(even) or not (odd). Back then, there were different method of storing
numbers so the shift method was not portable. When the moduler
operation became standard, some people shifted to that.

btw: The slowest method that I ever saw implemented was to subtract 2
over and over again until the number was less than two and then the
result was compared to 1. Needless to say, the implementer became an
ex-programmer.

JLS, Feb 1, 2007
6. ### Heinz OzwirkGuest

"Erik Wikström" <> schrieb im Newsbeitrag
news:...
>> using the modulo operator
>>
>> a) if (n%2 == 0) then even
>> b) if (n%2 == 1) then odd
>> c) if (n%2 != 1) then even
>> d) if (n%2 != 0) then odd

>
> I would assume all of those to take the same amount of time on a
> modern CPU, though see my comment on comparing against 0 a bit down.
>
>> e) if ((n >> 1) << 1 == n) then even
>> f) if ((n >> 1) << 1 != n) then odd
>> g) if (((n >> 1) << 1) - n == 0) then even
>> h) if (n - ((n >> 1) << 1) == 1) then odd

>
> These does not look particularly fast to me, many operations. But it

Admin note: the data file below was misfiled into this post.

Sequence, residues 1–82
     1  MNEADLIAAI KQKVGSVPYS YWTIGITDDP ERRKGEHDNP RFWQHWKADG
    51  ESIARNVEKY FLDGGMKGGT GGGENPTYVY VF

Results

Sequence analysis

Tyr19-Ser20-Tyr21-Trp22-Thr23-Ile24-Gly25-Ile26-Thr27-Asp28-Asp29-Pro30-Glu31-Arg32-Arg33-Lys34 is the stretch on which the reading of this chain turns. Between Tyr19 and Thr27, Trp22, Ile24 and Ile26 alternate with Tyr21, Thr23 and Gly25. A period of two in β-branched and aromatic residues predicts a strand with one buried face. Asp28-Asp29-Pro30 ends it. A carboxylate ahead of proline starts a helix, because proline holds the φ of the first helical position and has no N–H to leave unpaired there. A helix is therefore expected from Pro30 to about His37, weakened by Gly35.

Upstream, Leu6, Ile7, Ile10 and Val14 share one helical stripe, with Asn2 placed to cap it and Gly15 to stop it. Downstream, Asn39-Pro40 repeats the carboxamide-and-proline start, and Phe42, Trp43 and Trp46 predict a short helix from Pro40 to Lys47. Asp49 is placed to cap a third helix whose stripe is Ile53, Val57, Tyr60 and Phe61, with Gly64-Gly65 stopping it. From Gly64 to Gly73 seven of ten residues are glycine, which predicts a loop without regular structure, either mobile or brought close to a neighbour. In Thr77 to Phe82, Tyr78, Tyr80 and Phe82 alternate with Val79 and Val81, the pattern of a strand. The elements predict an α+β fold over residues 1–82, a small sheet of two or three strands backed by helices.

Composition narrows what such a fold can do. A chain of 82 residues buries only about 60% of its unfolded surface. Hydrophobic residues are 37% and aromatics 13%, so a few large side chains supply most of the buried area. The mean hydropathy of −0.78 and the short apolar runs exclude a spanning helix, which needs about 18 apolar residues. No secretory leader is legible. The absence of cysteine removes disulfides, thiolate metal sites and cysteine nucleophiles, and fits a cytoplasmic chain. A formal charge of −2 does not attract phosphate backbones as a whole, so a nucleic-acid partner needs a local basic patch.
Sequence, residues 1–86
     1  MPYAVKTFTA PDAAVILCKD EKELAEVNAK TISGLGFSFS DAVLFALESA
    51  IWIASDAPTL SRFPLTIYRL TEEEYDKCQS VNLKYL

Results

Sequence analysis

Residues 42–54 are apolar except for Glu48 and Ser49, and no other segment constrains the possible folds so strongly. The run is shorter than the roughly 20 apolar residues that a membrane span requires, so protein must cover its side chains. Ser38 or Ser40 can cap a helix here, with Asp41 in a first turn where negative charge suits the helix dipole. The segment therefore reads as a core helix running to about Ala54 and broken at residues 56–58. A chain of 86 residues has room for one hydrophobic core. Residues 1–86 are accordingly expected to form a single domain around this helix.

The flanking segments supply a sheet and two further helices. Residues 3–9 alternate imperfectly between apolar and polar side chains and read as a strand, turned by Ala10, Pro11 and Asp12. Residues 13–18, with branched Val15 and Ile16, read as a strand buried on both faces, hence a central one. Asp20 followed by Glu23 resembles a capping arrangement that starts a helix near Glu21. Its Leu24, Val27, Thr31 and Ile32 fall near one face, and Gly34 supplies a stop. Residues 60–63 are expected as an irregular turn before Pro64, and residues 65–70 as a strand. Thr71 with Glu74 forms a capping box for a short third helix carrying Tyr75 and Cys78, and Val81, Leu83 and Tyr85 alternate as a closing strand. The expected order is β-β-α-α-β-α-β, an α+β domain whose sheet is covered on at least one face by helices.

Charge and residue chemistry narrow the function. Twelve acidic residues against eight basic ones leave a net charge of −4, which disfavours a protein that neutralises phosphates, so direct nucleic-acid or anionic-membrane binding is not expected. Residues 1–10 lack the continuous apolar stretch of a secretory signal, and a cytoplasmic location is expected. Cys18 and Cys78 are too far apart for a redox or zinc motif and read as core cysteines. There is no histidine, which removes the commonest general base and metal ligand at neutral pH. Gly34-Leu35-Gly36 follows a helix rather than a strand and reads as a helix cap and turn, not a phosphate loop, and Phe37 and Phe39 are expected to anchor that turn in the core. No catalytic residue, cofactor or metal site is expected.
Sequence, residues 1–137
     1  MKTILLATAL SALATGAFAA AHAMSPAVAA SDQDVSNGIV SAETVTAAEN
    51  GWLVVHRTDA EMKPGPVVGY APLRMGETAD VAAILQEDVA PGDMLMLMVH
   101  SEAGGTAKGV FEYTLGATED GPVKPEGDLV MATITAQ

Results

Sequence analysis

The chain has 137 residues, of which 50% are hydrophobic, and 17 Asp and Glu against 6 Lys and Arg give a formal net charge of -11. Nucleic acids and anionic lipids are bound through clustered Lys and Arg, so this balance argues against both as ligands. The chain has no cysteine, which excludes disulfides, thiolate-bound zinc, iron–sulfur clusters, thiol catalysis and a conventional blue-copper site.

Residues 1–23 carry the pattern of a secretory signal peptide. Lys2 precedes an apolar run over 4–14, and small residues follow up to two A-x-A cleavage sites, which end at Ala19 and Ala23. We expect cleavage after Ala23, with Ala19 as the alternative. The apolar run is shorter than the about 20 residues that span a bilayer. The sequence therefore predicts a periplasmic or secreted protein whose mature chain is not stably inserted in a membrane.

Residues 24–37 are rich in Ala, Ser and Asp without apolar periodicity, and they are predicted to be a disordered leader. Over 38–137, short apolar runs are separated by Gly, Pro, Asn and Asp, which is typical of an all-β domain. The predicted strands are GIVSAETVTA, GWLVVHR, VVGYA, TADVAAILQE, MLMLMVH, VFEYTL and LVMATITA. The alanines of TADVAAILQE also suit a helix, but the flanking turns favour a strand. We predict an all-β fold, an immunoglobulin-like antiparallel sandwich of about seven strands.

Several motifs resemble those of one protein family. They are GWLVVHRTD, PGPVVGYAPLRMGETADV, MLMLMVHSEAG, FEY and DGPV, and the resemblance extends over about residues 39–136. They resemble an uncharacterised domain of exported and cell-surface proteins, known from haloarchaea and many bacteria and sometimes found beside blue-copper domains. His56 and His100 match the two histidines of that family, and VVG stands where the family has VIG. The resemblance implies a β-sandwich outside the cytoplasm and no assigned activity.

> might be faster than modulo, I don't know how that's done in the CPU.

....
> Bitwise compare:
> if (n | 0x1) then odd
> this is probably the fastest way.

This is probably the fastes of all operations mentioned here. Any decent
compile should recognize that n|1 is always true.

>> I can think of a rule, assume you want to check bit 5, you can do
>>
>> n & (1<<5) == (1<<5)

>
> Better would be
> if (n | 0x10)

Both look terrible, but the second is plain wrong. To test a single bit you
have to use & instead of |. Using | with a non-zero constant will give a
non-zero result. My prefered way to test the state of the single bit is

if (n & (1 << x)) // even if x is 0

If the compiler cannot replace such constant sub-expressions at compile
time, it shouldn't be used at all. Even the oldest C compilers could do
that.

To the OP: Most modern compilers should recognize what expressions like n%2
or n&1 are suposed to do and optimize them, probably to the same code. So
use whatever is more readable to you and those (humans) who are supposed to
read your code. Using % looks like a mathmatican's approach, & like an
assembly language programmer's. The shifting orgy in e - g, however, looks

Heinz

Heinz Ozwirk, Feb 1, 2007
7. ### Sylvester HespGuest

"Heinz Ozwirk" <> wrote in message
news:45c24ce5\$0\$18846\$-online.net...
> "Erik Wikström" <> schrieb im Newsbeitrag
> news:...
>> Better would be
>> if (n | 0x10)

>
> Both look terrible, but the second is plain wrong. To test a single bit
> you have to use & instead of |.

Indeed. Besides, 1<<5 == 0x20, not 0x10
>
> To the OP: Most modern compilers should recognize what expressions like
> n%2 or n&1 are suposed to do and optimize them, probably to the same code.

For unsigned integers, perhaps, but certainly not always for signed integers
as -1 % 2 == -1 on most architectures.

- Sylvester

Sylvester Hesp, Feb 2, 2007